Love bade me welcome: yet my soul drew back,
Guilty of dust and sin.
But quick-ey’d Love, observing me grow slack
From my first entrance in,
Drew nearer to me, sweetly questioning,
If I lack’d anything
A guest, I answer’d, worthy to be here:
Love said, You shall be he.
I the unkind, ungrateful? Ah my dear,
I cannot look on thee.
Love took my hand, and smiling did reply,
Who made the eyes by I?
Truth Lord, but I have marr’d them: let my shame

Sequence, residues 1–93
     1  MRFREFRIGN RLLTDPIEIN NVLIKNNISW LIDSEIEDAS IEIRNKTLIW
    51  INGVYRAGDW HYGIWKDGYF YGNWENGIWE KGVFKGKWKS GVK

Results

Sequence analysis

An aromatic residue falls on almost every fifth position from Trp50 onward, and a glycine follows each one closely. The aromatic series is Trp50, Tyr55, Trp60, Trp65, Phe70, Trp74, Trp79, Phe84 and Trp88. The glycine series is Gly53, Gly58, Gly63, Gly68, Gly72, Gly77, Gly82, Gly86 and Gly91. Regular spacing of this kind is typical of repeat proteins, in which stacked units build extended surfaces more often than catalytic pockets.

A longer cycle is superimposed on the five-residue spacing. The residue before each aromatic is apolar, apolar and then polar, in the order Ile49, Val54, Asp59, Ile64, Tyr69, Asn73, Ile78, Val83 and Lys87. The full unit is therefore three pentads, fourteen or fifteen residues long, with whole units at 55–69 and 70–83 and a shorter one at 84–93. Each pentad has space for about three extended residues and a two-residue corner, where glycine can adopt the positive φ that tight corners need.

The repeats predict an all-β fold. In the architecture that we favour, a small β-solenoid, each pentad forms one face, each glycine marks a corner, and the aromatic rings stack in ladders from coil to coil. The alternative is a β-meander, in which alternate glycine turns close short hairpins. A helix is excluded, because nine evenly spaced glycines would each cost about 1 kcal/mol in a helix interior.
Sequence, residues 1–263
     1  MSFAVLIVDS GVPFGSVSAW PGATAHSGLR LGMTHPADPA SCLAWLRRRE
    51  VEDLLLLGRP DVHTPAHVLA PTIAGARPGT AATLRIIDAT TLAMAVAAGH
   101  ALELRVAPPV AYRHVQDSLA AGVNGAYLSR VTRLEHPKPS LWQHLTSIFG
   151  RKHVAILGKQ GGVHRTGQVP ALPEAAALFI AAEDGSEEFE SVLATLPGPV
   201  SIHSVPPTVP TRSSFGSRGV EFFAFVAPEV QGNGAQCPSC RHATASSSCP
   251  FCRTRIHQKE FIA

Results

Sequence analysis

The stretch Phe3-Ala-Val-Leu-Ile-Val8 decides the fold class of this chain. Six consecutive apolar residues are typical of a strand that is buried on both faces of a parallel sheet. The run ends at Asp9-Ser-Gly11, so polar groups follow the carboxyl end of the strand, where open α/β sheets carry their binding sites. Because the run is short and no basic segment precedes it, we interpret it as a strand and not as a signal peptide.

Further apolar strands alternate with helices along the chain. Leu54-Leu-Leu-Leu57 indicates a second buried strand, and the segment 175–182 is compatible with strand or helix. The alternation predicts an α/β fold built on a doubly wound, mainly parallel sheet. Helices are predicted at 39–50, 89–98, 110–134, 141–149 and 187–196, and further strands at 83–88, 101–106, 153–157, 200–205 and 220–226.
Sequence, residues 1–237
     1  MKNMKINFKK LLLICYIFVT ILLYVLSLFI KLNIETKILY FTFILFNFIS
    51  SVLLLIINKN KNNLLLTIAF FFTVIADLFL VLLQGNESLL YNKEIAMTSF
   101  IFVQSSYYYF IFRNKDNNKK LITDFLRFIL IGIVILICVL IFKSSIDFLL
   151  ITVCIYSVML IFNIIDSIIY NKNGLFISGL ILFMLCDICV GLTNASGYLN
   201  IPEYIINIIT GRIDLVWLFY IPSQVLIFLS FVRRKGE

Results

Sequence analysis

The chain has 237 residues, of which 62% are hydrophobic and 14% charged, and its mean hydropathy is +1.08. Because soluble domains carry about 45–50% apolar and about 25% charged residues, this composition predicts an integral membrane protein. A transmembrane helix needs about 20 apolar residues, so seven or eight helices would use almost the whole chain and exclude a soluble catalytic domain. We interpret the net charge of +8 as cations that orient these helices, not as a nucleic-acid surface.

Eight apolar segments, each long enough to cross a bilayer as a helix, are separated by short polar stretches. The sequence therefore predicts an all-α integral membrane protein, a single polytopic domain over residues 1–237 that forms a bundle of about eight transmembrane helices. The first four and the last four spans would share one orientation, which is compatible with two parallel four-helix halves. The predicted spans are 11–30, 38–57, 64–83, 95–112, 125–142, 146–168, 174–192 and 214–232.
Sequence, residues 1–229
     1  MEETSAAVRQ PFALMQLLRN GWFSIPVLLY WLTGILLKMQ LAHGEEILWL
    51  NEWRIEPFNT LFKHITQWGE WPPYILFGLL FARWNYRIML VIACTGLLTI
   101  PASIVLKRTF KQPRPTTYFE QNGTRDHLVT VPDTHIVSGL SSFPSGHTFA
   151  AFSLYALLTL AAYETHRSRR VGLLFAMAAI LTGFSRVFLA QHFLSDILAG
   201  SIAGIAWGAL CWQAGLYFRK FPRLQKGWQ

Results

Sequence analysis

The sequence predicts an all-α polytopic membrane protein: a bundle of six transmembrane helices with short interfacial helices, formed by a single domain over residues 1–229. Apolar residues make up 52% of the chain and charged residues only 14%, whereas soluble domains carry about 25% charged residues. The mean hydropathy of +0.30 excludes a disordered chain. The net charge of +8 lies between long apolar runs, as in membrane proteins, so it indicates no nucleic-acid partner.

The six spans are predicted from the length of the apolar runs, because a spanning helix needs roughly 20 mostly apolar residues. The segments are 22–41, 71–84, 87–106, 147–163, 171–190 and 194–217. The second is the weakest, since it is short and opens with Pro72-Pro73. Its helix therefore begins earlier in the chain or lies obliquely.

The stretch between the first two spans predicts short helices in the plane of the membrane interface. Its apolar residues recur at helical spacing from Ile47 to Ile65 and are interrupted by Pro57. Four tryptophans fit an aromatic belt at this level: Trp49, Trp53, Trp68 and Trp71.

Go where it doth deserve.
And know you not, says Love, who bore the blame?
My dear, then I will serve.
You must sit down, says Love, and taste my meat:
So I did sit and eat.
George Herbert, “Love (III)” in George Herbert: The Country Parson, The Temple (New York: Paulist Press, 1981), 316.
It is a sad thing that George Herbert is little know within the conservative Evangelical circles within which I was reared. I really like what I’ve read so far and am not surprised that The Temple was one of C. S. Lewis’ favorite books. Poetry truly is greater than prose, and greater still when directed towards God and the edification of his Church. I will definitely have more Herbert poems to post in the future.